And knowing that if this battle were lost, it would be permanent.

I stopped myself. I know why I'm in this line. I also know the human spirit can show so much courage and strength when its called for. And this I have had countless patients and families show me, and inspire me. It's funny how I believe the relationship we doctors have with our patients- its a symbiotic one. We do our best to help them, but their positive attitude, their resilience and coping mechanisms never fail to remind me just how strong people can be. The things some of my patients have been through, and their outlook on life and the way they face adversity, makes me realise how life really is a gift, and that we hold the key to making everyday count and living each day to its fullest... that those small things you had been fretting about just isn't even worth it, when you think about what really matters most. You start reassessing your life's priorities and know what means most to you.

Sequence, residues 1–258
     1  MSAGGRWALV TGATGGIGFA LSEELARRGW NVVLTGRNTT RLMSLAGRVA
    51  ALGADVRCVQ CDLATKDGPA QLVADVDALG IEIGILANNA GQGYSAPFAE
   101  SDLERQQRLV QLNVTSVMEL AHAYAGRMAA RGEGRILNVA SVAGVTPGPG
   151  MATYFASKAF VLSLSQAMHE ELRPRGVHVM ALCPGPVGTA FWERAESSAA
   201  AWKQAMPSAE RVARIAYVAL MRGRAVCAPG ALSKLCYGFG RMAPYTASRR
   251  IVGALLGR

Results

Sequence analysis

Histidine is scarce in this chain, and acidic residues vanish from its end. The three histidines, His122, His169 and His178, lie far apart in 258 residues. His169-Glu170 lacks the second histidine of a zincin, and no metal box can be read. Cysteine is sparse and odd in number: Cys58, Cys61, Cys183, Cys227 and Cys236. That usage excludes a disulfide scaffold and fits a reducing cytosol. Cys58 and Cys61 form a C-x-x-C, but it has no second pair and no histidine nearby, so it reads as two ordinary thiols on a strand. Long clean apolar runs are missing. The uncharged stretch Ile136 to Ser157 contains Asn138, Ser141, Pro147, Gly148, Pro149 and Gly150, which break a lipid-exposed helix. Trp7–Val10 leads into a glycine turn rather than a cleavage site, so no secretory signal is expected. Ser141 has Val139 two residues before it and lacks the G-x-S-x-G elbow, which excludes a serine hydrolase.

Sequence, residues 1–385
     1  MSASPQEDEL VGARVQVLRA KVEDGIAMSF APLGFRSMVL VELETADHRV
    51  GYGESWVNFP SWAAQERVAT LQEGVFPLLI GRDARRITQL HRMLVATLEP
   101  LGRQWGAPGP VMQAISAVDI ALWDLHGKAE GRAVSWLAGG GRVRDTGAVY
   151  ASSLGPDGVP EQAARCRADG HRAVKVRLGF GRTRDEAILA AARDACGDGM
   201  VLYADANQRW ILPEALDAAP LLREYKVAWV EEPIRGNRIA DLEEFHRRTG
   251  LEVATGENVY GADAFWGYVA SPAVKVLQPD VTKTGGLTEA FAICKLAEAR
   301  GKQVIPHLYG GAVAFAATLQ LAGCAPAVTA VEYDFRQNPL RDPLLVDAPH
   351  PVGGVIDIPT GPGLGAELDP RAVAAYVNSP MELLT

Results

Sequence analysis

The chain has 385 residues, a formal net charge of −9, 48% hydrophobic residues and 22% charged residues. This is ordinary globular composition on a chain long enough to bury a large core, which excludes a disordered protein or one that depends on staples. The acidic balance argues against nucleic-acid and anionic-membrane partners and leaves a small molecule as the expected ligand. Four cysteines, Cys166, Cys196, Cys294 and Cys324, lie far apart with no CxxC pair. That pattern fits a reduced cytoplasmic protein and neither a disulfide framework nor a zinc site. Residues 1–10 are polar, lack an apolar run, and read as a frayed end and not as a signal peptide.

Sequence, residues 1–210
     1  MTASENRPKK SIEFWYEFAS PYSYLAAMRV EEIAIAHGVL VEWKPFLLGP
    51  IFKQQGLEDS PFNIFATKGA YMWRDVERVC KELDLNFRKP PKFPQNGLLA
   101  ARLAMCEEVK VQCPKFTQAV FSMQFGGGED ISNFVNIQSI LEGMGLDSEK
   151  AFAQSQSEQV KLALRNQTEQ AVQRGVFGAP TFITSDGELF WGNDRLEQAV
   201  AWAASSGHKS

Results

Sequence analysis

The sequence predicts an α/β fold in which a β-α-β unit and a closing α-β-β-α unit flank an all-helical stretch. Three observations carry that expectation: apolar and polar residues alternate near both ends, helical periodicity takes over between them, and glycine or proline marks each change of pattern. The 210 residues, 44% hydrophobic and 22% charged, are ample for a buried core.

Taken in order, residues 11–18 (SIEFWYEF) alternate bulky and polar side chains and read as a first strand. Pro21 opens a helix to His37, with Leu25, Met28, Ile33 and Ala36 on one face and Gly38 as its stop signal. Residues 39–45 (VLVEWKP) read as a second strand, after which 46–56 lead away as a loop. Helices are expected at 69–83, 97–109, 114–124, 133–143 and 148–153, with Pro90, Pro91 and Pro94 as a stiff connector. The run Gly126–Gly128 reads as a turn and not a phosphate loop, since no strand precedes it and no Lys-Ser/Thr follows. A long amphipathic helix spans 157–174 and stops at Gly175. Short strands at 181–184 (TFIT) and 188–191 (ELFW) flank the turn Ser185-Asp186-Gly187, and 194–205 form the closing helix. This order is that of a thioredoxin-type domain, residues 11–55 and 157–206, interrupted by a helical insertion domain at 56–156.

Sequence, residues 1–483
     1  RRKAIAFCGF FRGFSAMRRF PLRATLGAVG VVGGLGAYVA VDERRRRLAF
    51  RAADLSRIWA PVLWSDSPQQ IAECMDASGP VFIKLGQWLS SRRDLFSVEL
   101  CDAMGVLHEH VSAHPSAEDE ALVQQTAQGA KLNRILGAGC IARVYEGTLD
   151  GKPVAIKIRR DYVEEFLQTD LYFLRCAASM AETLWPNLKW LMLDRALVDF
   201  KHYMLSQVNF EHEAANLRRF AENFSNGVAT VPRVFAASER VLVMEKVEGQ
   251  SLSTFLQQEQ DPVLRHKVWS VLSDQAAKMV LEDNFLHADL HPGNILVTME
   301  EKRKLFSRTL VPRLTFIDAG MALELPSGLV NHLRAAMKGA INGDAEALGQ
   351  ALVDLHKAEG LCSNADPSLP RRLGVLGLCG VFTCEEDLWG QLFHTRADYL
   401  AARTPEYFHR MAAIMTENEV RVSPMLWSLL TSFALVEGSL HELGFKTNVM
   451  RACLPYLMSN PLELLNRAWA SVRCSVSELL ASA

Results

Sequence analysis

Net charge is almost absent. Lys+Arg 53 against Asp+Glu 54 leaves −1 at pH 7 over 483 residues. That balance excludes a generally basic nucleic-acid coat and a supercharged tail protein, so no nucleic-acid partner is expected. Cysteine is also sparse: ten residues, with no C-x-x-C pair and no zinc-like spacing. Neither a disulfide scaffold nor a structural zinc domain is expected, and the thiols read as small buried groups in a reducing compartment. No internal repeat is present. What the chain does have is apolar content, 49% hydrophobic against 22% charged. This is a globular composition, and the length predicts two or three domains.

And for me, that is my family and my closest friends who have been there for me, through thick and thin, and the dreams that I have of being a better person. If you don't have people to share your life's joys or the money you make, then there is no point. I know how thankful I am to have them by my side no matter what, and this Christmas, I just want to say a big heartfelt thank you for being there for me.

Especially to the Chicago friends who have stayed supportive during my downs and who have been there to celebrate my happiest moments. Thank you from the core of me.

Love always
Sueyi